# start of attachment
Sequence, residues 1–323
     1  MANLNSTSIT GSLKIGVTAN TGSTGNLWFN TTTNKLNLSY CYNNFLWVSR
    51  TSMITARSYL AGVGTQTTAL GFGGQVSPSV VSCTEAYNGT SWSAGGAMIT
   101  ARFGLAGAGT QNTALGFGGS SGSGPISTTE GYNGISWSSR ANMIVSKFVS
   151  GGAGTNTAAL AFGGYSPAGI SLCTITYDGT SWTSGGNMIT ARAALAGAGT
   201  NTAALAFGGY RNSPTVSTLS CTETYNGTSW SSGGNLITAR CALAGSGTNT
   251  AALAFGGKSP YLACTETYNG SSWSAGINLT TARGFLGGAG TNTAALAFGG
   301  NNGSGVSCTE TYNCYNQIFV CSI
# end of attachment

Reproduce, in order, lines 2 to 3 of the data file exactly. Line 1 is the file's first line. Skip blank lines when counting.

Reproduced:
     1  MANLNSTSIT GSLKIGVTAN TGSTGNLWFN TTTNKLNLSY CYNNFLWVSR
    51  TSMITARSYL AGVGTQTTAL GFGGQVSPSV VSCTEAYNGT SWSAGGAMIT